Well-Being Prevention & Cures

What are coronavirus antibodies and how can I get tested for them?

a generic antibody approaches a virus pathogen

Story at a glance

  • Public health officials are saying a large number of antibody tests could be available “within a period of a week or so.”
  • Instead of detecting the virus itself, the tests identify antibodies the immune system generates to fight COVID-19.
  • Data from antibody tests would show how many people have contracted the disease and recovered and also whether previously infected people would be vulnerable to reinfection.

As some Americans are coming up on a month under stay-at-home orders, many are wondering when life will go back to normal. And while things may never fully go back to how they were before the pandemic, Anthony Fauci, director of the National Institute of Allergy and Infectious Disease (NIAID) and the nation’s leading infectious disease expert, has said he expects a “real degree of normality” by the November elections. 


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So how do we get there? Antibody tests could be an initial step towards gathering enough information to determine how states can safely proceed with lifting their pandemic restrictions. These tests identify antibodies the immune system generates to fight COVID-19. 

What’s an antibody? It’s a protein in your bloodstream that your body produces to counteract bacteria, viruses and other foreign substances. The protein will attach onto the foreign particle, identifying it for your immune system to destroy. But in order for your body to create antibodies for a disease such as COVID-19, it has to have been exposed to it. This is also how vaccines work, by introducing a small enough dose of a weakened infectious disease to your body, so it can be prepared to fight them.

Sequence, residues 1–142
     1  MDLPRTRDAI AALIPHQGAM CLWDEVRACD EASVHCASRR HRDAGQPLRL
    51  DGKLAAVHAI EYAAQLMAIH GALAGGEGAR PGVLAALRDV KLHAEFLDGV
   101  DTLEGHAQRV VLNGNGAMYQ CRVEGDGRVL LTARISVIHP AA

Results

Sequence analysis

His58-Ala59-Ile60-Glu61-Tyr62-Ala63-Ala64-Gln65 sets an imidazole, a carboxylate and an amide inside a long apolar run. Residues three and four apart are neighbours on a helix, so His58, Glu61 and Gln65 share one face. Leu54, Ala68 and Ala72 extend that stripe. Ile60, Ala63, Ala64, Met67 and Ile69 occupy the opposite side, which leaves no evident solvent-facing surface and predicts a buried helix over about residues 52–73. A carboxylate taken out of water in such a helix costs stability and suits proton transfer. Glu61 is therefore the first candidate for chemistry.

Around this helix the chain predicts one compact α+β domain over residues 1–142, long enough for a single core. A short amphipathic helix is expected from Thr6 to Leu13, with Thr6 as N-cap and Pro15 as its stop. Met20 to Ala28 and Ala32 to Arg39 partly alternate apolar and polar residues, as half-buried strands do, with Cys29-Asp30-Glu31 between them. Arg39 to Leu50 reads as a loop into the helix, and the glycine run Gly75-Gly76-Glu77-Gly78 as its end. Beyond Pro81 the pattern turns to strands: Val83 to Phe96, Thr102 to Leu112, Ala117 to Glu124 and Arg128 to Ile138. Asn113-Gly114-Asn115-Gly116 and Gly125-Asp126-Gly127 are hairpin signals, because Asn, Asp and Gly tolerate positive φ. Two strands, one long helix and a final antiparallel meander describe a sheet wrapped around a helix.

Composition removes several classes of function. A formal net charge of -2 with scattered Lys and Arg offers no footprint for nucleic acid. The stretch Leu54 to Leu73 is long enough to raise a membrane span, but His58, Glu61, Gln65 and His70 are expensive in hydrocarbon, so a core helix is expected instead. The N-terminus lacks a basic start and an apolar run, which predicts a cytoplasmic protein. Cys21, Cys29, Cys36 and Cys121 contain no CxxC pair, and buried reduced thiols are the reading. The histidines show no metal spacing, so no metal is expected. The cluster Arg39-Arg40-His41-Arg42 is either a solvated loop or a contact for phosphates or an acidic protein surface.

How does the test work? A serology test will check for an immune response to the novel coronavirus using a blood sample. A rapid diagnostic test, which takes anywhere from 10-30 minutes, will look for the presence of any antibodies at all, while a neutralization assay, which can take up to five days, can give more information, such as whether the patient will be protected from future infections. 


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What does it mean if you test positive for COVID-19 antibodies? Generally, when you test positive for an antibody, it means you’ve had it in your bloodstream, either by contracting the disease or through a vaccine. Since there are no COVID-19 vaccines currently approved for public use, testing positive would mean that you’ve contracted COVID-19, even if you never showed any symptoms or have recovered entirely. 

Does that mean you’re immune to COVID-19? Immunity means your body has enough antibodies to resist COVID-19 successfully, but there’s no magic number. Whether or not you’re immune will depend on a number of factors in addition to the test results, including how strong your antibodies are and the other parts to your immune system’s response. 

How accurate is the test? It may depend on which test you take. The Food and Drug Administration (FDA) has only authorized one test under an Emergency Use Authorization, but has allowed some developers to start distributing their tests without review. There have also been reports in the United Kingdom of false positive and false negative results, suggesting there are still flaws with the tests that have been developed. 

Will I have to pay for the test? Health insurers will be required to cover the cost of these tests in addition to tests for current infection according to new guidelines announced by the federal government. 

So when can I get tested? On April 10, the National Institutes of Health (NIH) said they were testing 10,000 healthy volunteers around the country for antibodies. Fauci told CNN a large number of antibody tests could be available “within a period of a week or so.” Testing has begun across the country, including in California and Michigan, but varies across localities. 

Can I leave my house now? Not quite. The research is still in its preliminary stages and public health officials are just beginning to collect information about potential levels of immunity. For now, sit tight, and listen to the guidelines from your local government and public health officials. 


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